# Solar System Simulation Part 2 Asteroids Code

Posted on

Solar System Simulation Series: Part 1 Part 2 Part 3

As was promised in the previous post, an explanation of how my program’s logic worked was upcoming. Without further ado:

First, I needed code to actually generate the asteroids. I also wanted each asteroid to have a randomly generated color and position on the 1280×720 resolution picturebox on the form.  This was achieved by declaring public lists of a class called GravAsteroids (with a namespace “Gravity”) and of Colors. Then, in the form load event, a for loop creates new “GravAsteroids” and assigns both a randomized color and position to each instance of the class:

public List<Gravity.GravAsteroids> asteroids = new List<Gravity.GravAsteroids>();
public List<Color> asteroidcolor = new List<Color>();
double numasteroids = trackBar1.Value;

for (int x = 0; x <= numasteroids - 1; x++)
{
Random s = new Random(Guid.NewGuid().GetHashCode());
Random t = new Random(Guid.NewGuid().GetHashCode());
Random randomGen = new Random(Guid.NewGuid().GetHashCode());
KnownColor[] names = (KnownColor[])Enum.GetValues(typeof(KnownColor));
KnownColor randomColorName = names[randomGen.Next(names.Length)];
Color randomColor = Color.FromKnownColor(randomColorName);
asteroidcolor.Add(randomColor);
asteroids.Add(new Gravity.GravAsteroids(this, s.Next(1,720), t.Next(1,1280)));
}


Then, I needed the program to find the force vector (in my case comprised of an angle and magnitude) acting on any single asteroid – this is the purpose of the GravAsteroids class and Gravity namespace. The first part was accomplished with the atan2 function under the built in Math.h library to find the angle between each and every pair of two asteroids/planets/sun. Atan2 is defined as the following:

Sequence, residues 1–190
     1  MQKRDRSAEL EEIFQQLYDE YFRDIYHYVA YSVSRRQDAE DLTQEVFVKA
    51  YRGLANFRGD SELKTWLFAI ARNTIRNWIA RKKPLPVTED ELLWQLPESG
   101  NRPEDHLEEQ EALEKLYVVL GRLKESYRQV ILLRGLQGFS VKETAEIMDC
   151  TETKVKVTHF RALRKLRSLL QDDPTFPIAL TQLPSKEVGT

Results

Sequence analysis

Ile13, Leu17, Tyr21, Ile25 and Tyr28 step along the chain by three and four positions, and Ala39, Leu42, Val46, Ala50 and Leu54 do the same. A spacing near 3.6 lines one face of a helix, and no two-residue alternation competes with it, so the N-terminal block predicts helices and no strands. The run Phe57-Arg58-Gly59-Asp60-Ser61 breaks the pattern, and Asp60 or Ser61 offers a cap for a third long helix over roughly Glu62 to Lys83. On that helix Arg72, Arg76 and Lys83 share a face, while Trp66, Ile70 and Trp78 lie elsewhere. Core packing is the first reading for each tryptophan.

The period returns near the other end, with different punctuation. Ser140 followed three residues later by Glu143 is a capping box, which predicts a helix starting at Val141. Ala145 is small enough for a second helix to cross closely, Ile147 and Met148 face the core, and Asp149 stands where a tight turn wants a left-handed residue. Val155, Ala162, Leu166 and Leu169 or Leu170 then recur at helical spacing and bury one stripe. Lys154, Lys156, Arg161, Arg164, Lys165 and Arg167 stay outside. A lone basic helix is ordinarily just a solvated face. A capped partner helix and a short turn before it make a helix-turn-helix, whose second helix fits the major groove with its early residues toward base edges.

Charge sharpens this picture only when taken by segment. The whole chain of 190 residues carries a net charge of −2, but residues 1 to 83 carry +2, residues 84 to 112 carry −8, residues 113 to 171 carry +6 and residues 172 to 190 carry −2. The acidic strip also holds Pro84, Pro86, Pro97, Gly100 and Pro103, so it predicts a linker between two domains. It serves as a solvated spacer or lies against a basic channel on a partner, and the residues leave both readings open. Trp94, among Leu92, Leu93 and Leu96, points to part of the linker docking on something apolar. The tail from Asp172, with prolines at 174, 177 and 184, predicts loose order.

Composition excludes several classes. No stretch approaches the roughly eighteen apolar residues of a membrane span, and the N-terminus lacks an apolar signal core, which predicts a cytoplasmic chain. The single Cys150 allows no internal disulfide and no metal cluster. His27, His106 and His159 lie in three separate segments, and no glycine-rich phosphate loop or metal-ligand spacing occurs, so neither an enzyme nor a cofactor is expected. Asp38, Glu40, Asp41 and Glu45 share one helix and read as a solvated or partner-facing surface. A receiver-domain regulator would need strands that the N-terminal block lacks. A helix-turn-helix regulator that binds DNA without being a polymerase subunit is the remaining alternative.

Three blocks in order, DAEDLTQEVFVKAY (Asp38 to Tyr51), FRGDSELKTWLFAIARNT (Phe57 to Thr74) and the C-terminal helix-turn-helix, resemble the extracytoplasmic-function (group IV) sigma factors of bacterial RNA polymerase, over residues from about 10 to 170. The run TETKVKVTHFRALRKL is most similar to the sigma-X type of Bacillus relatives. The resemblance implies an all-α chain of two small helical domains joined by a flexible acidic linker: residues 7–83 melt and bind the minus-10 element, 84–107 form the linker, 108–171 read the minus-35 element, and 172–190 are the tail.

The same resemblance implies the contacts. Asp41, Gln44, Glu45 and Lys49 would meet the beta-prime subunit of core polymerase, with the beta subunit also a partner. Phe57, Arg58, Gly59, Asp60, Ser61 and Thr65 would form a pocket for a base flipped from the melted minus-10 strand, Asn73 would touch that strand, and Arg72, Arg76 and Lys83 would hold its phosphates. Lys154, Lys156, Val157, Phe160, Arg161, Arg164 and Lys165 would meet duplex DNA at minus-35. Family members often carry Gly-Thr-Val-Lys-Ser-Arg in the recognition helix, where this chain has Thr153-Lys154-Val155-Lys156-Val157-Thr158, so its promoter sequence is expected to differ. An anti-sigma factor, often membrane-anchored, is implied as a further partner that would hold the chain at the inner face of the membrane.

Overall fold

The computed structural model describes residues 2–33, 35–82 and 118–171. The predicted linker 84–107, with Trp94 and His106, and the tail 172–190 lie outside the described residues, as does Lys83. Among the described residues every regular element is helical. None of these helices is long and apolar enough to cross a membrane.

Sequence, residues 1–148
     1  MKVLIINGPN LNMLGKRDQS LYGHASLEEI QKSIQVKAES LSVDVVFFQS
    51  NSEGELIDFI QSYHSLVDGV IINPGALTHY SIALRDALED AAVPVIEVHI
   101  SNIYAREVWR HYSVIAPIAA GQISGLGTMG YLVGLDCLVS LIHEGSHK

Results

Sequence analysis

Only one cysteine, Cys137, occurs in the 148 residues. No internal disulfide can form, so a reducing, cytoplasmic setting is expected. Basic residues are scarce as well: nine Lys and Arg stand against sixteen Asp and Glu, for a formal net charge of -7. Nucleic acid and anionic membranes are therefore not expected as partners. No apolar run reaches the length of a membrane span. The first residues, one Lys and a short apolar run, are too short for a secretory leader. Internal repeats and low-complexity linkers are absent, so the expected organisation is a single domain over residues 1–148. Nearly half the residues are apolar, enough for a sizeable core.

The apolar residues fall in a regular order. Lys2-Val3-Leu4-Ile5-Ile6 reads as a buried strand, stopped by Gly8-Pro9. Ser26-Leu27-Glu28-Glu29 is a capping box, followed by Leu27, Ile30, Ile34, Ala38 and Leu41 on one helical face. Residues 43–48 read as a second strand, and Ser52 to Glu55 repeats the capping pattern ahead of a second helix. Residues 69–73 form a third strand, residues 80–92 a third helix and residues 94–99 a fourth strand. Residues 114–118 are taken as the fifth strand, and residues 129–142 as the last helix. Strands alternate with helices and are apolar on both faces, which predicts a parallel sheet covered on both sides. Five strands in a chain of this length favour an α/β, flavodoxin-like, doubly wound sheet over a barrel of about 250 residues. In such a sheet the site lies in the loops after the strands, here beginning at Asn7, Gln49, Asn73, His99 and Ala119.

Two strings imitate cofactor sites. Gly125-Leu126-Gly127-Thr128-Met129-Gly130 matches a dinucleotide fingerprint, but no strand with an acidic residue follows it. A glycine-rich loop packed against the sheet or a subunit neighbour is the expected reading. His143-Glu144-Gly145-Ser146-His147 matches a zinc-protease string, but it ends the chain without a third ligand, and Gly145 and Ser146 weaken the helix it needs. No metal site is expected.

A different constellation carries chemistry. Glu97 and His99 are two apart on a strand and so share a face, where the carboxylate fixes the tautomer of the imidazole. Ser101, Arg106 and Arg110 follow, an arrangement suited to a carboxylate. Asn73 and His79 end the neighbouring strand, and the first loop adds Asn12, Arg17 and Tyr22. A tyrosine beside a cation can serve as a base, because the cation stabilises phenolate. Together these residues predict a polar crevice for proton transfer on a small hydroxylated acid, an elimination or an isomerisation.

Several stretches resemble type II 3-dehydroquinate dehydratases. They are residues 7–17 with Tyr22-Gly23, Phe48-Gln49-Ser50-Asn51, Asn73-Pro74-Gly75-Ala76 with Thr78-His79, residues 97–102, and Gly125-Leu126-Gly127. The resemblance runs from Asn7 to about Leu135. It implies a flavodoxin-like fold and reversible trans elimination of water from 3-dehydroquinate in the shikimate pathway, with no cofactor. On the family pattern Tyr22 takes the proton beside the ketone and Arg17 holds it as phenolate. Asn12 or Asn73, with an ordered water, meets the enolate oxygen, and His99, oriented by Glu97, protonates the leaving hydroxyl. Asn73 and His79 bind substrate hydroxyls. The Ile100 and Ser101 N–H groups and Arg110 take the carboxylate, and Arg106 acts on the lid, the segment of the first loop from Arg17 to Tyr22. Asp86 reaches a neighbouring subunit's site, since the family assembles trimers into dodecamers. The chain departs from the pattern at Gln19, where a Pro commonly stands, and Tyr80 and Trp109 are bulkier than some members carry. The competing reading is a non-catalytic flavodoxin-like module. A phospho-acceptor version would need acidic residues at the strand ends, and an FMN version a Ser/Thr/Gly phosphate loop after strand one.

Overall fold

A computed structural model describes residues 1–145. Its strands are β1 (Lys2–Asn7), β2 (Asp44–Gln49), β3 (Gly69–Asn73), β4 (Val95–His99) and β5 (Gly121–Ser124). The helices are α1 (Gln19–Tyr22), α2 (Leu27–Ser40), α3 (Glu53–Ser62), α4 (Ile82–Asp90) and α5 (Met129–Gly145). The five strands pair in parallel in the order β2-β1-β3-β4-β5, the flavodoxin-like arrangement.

$\text{atan2}(y,x) = \begin{cases} \arctan(\frac y x) &\text{if } x > 0, \\ \arctan(\frac y x) + \pi &\text{if } x < 0 \text{ and } y > 0, \\ \arctan(\frac y x) – \pi &\text{if } x < 0 \text{ and } y < 0, \\ +\frac{\pi}{2} &\text{if } x = 0 \text{ and } y > 0,\\ -\frac{\pi}{2} &\text{if } x = 0 \text{ and } y < 0, \\ \text{undefined} &\text{if } x = 0 \text{ and } y = 0. \end{cases}$

,where x and y signify the coordinate values of a point/vector, and results in an output of the angle in radians between the positive portion of the x-axis to the point/vector. Because I was using doubles and real distances in kilometers before drawing to the screen, the last possibility is extremely unlikely, and when it does happen, my code deletes and then regenerates that particular instance of GravAsteroids.

In the code, I found the difference between the coordinates/position vector of each asteroid and every other asteroid and planets/sun to yield the vector difference between each pair of positions and inserted this into the atan2 function. This essentially translates one of the points/the difference vector to the origin (0,0) for calculation purposes.
Note slight syntactical differences depending on if calculating for asteroid or planet/sun:

//if finding angle between two asteroids, "other" referring to other asteroid.
double Angle = Math.Atan2((other.Y - Y), (other.X - X));
//if finding angle between asteroid and established astronomical bodies - sun and 8 planets
double Angle = Math.Atan2((planetcoor[1] - Y), (planetcoor[0] - X));


Next, I needed the magnitude of the force vector. Remember the equation for the gravitational attraction between two masses $ma = F = \frac{Gm_1*m_2}{r^2}$ from my first solar system post?